Ancylostoma duodenale

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Ancylostoma duodenale
Scientific classification
Kingdom: Animalia
Phylum: Nematoda
Class: Secernentea
Order: Strongylida
Family: Ancylostomatidae
Genus: Ancylostoma
Species: A. duodenale
Binomial name
Ancylostoma duodenale

Editor-In-Chief: C. Michael Gibson, M.S., M.D. [1]


Ancylostoma duodenale is a species of the worm genus Ancylostoma. It is a parasitic nematode worm and commonly known as the Old World hookworm. It lives in the small intestine of hosts such as humans, cats and dogs, where it is able to mate and mature. Ancylostoma duodenale and Necator americanus are the two human hookworms that are normally discussed together as the cause of hookworm infection. They are dioecious.[1] Ancylostoma duodenale is abundant throughout the world, including in the following areas: southern Europe, north Africa, India, China, southeast Asia, some areas in the United States, the Caribbean, and South America.


Ancylostoma duodenale is small cylindrical worm, greyish-white in color. It has two ventral plates on the anterior margin of the buccal capsule. Each of them has two large teeth that are fused at their bases. A pair of small teeth can be found in the depths of the buccal capsule. Males are 8 mm to 11 mm long with a copulatory bursa at the posterior end. Females are 10 mm to 13 mm long, with the vulva located at the posterior end; females can lay 10,000 to 30,000 eggs per day. The average lifespan of Ancylostoma duodenale is one year.

When a rhabditiform larva "infective" penetrates the intact skin, most commonly through the feet and the larva enters the blood circulation. It is then carried to the lungs, they break into alveoli, ascend the bronchi and trachea and are coughed up, and swallowed back into the small intestine where they mature. The larva later matures into an adult in the small intestine "the adult worm live in the jejunum mainly" where they attach to the villi and female worms can lay 25,000 eggs per day. The eggs are released into the feces and reside on soil, when deposited on warm, moist soil a larva rapidly develops in the egg and hatches after 1-2 days. This Rhabditiform larva moults twice in the soil and become a skin- penetrating 3rd stage infective larva within 5-10 days. The Rhabditiform larvae can then penetrate the exposed skin of another organism and begin a new cycle of infection.

Ancylostoma duodenale is prevalent in southern Europe, northern Africa, India, China, and southeast Asia, small areas of United States, the Caribbean islands, and South America. This hookworm is well known in mines because of the consistency in temperature and humidity that provide an ideal habitat for egg and juvenile development. It is estimated 1 billion people are infected with hookworms. Transmission of Ancylostoma duodenale is by contact of skin with soil contaminated with larvae.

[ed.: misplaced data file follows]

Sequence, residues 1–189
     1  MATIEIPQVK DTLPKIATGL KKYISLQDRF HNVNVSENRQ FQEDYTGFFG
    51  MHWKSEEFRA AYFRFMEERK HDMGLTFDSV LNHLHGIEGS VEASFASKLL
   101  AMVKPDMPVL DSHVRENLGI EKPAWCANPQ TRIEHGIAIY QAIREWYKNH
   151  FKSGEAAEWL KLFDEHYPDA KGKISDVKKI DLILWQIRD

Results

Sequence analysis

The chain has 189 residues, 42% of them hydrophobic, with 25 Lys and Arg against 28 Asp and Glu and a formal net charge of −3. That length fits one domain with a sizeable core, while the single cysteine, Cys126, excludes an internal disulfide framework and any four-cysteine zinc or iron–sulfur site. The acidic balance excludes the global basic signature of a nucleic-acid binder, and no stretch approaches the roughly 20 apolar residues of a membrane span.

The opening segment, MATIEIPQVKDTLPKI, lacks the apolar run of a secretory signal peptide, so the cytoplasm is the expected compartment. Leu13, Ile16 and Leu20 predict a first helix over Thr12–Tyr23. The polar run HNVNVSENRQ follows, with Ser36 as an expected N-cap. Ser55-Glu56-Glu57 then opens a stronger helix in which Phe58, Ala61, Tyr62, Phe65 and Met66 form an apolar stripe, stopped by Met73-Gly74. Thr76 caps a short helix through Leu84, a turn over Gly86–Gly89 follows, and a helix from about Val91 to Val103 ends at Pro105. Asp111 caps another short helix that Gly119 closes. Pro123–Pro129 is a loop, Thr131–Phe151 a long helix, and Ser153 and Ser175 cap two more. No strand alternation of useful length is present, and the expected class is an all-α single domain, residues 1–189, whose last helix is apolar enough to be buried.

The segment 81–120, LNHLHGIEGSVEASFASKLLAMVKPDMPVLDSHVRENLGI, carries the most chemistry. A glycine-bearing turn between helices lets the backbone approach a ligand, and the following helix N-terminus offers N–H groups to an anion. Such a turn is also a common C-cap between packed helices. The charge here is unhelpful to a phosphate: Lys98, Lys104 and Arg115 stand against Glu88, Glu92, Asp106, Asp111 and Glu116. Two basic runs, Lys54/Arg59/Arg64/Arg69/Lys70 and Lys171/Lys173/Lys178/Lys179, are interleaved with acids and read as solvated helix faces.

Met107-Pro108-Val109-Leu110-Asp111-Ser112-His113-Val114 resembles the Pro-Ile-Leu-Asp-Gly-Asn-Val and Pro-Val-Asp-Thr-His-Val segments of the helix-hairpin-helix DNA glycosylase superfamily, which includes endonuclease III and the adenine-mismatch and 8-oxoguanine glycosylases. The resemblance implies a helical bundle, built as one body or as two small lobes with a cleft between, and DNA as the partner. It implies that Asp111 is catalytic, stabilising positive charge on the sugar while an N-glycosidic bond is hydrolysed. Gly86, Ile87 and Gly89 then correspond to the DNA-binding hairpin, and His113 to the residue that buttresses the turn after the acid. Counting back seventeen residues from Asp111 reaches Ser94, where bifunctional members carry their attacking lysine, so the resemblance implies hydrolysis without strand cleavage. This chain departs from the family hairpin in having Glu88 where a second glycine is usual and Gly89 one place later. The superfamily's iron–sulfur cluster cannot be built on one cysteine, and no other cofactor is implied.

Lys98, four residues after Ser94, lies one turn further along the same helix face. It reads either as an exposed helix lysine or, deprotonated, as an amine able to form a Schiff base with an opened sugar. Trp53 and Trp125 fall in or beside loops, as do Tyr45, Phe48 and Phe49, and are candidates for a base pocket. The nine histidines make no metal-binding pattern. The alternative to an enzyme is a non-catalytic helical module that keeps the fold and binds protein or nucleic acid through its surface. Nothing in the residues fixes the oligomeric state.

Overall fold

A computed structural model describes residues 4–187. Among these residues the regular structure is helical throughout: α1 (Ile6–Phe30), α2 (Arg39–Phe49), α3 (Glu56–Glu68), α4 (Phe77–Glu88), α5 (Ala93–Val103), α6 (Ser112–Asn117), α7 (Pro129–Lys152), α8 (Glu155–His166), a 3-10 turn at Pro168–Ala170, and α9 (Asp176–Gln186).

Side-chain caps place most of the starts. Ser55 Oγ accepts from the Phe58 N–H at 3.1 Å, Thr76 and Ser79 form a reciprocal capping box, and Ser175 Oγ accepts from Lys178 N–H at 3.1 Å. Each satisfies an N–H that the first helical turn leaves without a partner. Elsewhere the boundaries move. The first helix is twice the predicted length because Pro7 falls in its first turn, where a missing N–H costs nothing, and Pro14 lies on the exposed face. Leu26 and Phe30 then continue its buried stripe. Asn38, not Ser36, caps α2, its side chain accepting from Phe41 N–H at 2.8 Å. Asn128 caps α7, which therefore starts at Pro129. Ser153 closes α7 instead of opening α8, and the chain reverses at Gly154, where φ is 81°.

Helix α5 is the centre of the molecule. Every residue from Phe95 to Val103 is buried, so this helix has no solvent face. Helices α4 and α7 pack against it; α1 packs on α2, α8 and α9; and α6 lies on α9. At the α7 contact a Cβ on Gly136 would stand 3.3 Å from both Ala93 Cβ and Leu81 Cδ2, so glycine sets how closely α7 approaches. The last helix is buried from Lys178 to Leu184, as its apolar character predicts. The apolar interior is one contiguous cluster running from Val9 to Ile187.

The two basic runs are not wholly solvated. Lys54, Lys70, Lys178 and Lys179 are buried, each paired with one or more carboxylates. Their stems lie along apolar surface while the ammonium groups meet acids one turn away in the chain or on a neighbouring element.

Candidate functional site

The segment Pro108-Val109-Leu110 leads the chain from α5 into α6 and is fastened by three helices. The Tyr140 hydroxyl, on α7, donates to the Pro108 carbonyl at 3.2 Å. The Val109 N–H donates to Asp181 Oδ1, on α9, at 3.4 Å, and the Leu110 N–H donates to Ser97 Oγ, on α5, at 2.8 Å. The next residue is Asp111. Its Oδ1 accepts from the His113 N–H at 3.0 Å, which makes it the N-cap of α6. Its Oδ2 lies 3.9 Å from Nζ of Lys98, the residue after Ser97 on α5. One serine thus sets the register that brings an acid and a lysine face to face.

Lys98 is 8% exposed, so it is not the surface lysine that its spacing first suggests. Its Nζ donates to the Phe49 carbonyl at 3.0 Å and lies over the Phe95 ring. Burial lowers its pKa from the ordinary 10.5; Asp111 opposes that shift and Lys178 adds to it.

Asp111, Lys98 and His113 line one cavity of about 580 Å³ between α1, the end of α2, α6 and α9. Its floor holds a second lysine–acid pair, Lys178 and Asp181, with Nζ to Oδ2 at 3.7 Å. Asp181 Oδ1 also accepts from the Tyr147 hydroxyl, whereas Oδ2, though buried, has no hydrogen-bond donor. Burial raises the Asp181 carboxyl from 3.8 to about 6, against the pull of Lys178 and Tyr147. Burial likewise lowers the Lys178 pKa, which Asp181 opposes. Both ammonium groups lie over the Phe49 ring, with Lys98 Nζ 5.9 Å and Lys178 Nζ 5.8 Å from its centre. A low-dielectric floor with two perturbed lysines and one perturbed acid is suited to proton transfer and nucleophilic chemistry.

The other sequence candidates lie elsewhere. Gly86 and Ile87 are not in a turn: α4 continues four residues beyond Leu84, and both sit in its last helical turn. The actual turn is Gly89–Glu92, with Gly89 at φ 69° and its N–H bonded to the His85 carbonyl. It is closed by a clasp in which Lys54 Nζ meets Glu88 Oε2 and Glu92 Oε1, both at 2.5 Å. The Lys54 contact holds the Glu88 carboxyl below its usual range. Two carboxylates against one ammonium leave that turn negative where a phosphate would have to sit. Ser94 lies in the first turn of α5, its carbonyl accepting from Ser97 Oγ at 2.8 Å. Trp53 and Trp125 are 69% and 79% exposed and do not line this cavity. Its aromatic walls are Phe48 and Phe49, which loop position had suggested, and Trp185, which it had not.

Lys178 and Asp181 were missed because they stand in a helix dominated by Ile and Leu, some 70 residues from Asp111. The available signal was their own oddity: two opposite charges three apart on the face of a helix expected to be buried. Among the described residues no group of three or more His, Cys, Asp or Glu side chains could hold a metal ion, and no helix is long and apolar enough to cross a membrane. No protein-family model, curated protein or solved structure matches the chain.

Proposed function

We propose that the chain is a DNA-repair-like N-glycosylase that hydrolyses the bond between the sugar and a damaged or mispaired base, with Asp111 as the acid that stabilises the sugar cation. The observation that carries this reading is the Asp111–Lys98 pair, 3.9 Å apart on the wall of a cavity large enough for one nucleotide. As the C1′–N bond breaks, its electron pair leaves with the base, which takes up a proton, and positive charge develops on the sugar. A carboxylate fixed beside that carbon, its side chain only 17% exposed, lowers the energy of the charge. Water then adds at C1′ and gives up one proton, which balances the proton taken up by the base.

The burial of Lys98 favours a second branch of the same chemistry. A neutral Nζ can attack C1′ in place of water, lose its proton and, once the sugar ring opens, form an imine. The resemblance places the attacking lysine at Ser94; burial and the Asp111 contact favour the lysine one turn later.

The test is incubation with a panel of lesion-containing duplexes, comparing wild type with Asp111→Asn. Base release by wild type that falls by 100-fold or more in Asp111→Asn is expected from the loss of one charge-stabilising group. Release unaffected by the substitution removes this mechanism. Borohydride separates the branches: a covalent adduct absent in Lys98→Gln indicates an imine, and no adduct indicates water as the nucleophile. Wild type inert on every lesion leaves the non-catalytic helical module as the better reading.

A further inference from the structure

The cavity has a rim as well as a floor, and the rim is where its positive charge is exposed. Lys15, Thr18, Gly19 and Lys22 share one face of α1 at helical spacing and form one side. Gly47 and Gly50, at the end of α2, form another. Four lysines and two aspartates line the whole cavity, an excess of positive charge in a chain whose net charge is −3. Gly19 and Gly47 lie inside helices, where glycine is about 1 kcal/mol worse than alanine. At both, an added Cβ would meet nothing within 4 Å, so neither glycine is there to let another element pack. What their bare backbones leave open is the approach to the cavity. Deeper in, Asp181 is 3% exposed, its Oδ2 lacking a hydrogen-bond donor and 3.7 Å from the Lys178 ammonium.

The Light infection causes abdominal pain, loss of appetite and geophagy. Heavy infection causes severe protein deficiency or iron deficiency anemia. Protein deficiency may lead to dry skin, edema and potbelly, while iron deficiency anemia might result in mental dullness and heart failure.

The eggs of Ancylostoma duodenale and Necator americanus cannot be distinguished. Larvae cannot be found in stool specimen unless they are left at ambient temperature for a day or more.

Education, improved sanitation and controlled disposal of human feces are important. Wearing shoes in endemic areas can reduce the prevalence of infection as well.

Ancylostoma duodenale can be treated with albendazole, mebendazole and benzimidazoles. Pyrantel pamoate is an alternative. In severe cases of anemia, blood transfusion may be necessary.


Antimicrobial Regimen

  • Preferred regimen: Albendazole 400 mg PO single dose[2]
  • Alternative regimen (1): Mebendazole 100 mg PO bid or 500 mg daily for 3 days
  • Alternative regimen (2): Pyrantel pamoate 11 mg/kg PO qd (maximum 1 g/day) for 3 days[3]


  1. "Ancylostoma duodenale". Archived from the original on 1 March 2009. Retrieved 2009-01-22. 
  2. Keiser J, Utzinger J (2008). "Efficacy of current drugs against soil-transmitted helminth infections: systematic review and meta-analysis.". JAMA. 299 (16): 1937–48. PMID 18430913. doi:10.1001/jama.299.16.1937. 
  3. Bennett, John (2015). Mandell, Douglas, and Bennett's principles and practice of infectious diseases. Philadelphia, PA: Elsevier/Saunders. ISBN 978-1455748013. 

  • Hotez, P. J., and D. I. Pritchard. 1995(June). Hookworm infection. Sci. Am. 272:68–74.
  • Looss, A. 1898. Zur Lebensgeschichte des Ankylostoma duodenale. Cbt. Bakt. 24:441–449, 483–488.
  • Murray, P. R., K. S. Rosenthal, and M. A. Pfaller. 2009. Medical Mirobiology, 6th ed. Elsevier/Mosby Publishing Company, Philadelphia, U.S.A., 865 p.
  • Schmidt, G.D., and L. S. Roberts. 2009. Foundations of parasitology, 8th ed. McGraw-Hill Companies, New York,p. 472–473.

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